Be confident to ask any new provider about the company policies regarding payment at time of service, time payment, refunds and what their finance rate is if you fund the treatment or procedure.

Everyone has seen the AFLAC duck commercial. Disability insurance is a good idea if you have a job where the market is shaky and fear that you will be laid off. You will be protecting your family in case of job loss by ensuring money still comes in on schedule.

There ARE non-profit credit counseling companies. Two of these are GREEN PATH #866 476 7284 and ACCESS PROJECT $866 918 5233 (xt.231) (this last on is a medical credit counselor and a good place to call for medical debt resolution advice). If you wish to know if a credit counselor is accredited, contact: The National Federation of Credit Counselors or the Association of Independent Consumer Credit Counseling Agencies.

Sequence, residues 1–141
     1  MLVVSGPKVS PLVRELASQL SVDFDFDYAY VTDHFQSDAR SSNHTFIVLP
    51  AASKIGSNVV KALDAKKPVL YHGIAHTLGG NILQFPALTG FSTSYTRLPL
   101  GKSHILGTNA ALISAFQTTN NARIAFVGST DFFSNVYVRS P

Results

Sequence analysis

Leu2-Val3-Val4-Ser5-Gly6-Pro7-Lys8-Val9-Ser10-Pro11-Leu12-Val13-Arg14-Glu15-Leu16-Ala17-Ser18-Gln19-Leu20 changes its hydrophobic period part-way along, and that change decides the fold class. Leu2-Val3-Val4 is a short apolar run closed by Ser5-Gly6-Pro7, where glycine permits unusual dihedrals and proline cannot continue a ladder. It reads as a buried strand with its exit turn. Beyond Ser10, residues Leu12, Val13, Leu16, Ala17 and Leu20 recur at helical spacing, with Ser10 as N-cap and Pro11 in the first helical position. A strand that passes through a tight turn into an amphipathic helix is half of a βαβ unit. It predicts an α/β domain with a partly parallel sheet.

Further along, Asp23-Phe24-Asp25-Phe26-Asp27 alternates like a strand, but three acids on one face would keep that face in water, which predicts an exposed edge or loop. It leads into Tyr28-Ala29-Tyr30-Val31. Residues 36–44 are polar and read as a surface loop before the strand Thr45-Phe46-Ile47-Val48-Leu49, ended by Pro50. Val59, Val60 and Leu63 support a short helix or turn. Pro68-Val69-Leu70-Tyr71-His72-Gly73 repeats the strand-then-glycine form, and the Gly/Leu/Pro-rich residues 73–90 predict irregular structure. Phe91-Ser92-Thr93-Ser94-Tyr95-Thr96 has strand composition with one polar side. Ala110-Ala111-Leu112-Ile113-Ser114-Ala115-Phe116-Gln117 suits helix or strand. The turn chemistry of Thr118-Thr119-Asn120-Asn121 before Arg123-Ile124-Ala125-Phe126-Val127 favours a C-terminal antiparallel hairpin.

Be certain to know the limitations of any health insurance that you have. Also, know exactly what sort of co-payment amount is expected of you in any given situation. If your insurance refuses to pay, you can file a complaint and, while you are waiting for them to decide whether or not to pay, after all, your account can be turned over to a collection agency. It is your credit that will be affected; not the insurance companies.

Make all of your medical credit payments on time so that there will be no problems with your credit. Don’t use credit cards unless it is a matter of life and death (and even then look for another way). If you so use a credit card for any reason, be certain you know the interest rate and make your payments on time. You don’t want your $10,000 bill to turn into a $15,000 bill because of accrued interest.

Medical Bills and Credit When to Use Credit to Pay Medical Bills

Medical Credit is a phrase becoming more prevalent in today’s vocabulary. Medical costs are skyrocketing daily. Managed care has found its way into hospitals and doctor’s offices making your health more their business than yours. These high prices are bad for your health and so is non-payment of medical debt. Remember to pay something, no matter how small, to show good faith and not be labeled a “deadbeat debtor.”

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Monica Kowollik